Hepatitis B Vaccines
Unvaccinated healthcare personnel (HCP) and/or those who cannot document previous vaccination should receive a 3-dose series of hepatitis B vaccine at 0, 1, and 6 months. HCP who perform tasks that may involve exposure to blood or body fluids should be tested for hepatitis B surface antibody (anti-HBs) 1–2 months after dose #3 to document immunity.
- If anti-HBs are at least 10 mIU/mL (positive), the vaccine is immune. No further serologic testing or vaccination is recommended.
- If anti-HBs are less than 10 mIU/mL (negative), the vaccine is not protected from hepatitis B virus (HBV) infection, and should receive 3 additional doses of Hepatitis B vaccine on the routine schedule, followed by anti-HBs testing 1–2 months later. A vaccine whose anti-HBs remain less than 10 mIU/mL after 6 doses is considered a “non-responder.”
All HCP, including physicians, nurses, paramedics, emergency medical technicians, employees of nursing homes and chronic care facilities, students in these professions, and volunteers, should receive annual vaccination against influenza. Live attenuated influenza vaccine (LAIV) may be given only to non-pregnant healthy HCP age 49 years and younger. Inactivated injectable influenza vaccine (IIV) is preferred over LAIV for HCP who are in close contact with severely immune suppressed patients (e.g., stem cell transplant recipients) when they require protective isolation.
Measles, Mumps, Rubella (MMR) Vaccines
HCP who work in medical facilities should be immune to measles, mumps, and rubella. HCP born in 1957 or later can be considered immune to measles, mumps, or rubella only if they have documentation of (a) laboratory confirmation of disease or immunity or (b) appropriate vaccination against measles, mumps, and rubella (i.e., 2 doses of live measles and mumps vaccines given on or after the first birthday and separated by 28 days or more, and at least 1 dose of live rubella vaccine). HCP with 2 documented doses of MMR are not recommended to be serologically tested for immunity; but if they are tested and results are negative or equivocal for measles, mumps, and/or rubella, these HCP should be considered to have presumptive evidence of immunity to measles, mumps, and/or rubella and are not in need of additional MMR doses.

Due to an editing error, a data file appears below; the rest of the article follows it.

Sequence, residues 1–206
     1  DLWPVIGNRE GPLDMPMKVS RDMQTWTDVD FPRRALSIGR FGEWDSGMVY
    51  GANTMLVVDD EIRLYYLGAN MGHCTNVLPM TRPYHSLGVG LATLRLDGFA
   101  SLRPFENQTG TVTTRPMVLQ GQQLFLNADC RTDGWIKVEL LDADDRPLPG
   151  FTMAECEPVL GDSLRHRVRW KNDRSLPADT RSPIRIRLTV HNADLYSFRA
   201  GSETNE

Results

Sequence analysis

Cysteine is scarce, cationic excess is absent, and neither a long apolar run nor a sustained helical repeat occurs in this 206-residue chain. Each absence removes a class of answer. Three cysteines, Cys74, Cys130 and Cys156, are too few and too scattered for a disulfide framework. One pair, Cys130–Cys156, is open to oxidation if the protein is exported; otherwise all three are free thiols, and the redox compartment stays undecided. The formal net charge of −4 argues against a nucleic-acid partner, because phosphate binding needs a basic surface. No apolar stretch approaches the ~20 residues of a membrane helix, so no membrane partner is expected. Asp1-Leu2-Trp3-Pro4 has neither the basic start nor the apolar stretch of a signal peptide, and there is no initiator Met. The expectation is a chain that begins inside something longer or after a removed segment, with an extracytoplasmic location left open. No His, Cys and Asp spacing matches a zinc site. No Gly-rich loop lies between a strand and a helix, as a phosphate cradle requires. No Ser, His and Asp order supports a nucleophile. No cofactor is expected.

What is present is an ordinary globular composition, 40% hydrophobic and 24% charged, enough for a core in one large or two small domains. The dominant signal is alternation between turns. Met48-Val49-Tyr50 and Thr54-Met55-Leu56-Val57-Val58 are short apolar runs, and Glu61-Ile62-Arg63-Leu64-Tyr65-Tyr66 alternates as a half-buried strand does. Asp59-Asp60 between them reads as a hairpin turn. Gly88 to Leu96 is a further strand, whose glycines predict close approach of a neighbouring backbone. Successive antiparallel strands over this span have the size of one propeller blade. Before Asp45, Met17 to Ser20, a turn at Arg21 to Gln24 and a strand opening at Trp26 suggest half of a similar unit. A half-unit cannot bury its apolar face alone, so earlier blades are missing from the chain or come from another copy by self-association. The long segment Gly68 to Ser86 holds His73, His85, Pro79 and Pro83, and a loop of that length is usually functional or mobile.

Although birth before 1957 generally is considered acceptable evidence of measles, mumps, and rubella immunity, 2 doses of MMR vaccine should be considered for unvaccinated HCP born before 1957 who do not have laboratory evidence of disease or immunity to measles and/or mumps. One dose of MMR vaccine should be considered for HCP with no laboratory evidence of disease or immunity to rubella. For these same HCP who do not have evidence of immunity, 2 doses of MMR vaccine are recommended during an outbreak of measles or mumps and 1 dose during an outbreak of rubella.
Varicella (chickenpox) Vaccines
It is recommended that all HCP be immune to Varicella. Evidence of immunity in HCP includes Documentation of 2 doses of Varicella vaccine given at least 28 days apart, laboratory evidence of immunity, laboratory confirmation of disease, or diagnosis or verification of a history of Varicella or herpes zoster (shingles) by a healthcare provider.
Tetanus, Diphtheria, Pertussis
All HCPs who have not or are unsure if they have previously received a dose of Tdap should receive a dose of Tdap as soon as feasible, without regard to the interval since the previous dose of Td. Pregnant HCP should be revaccinated during each pregnancy. All HCPs should then receive Td boosters every 10 years thereafter.
Vaccination with MenACWY and MenB is recommended for microbiologists who are routinely exposed to isolates of N. meningitidis. The two vaccines may be given concomitantly but at different anatomic sites, if feasible.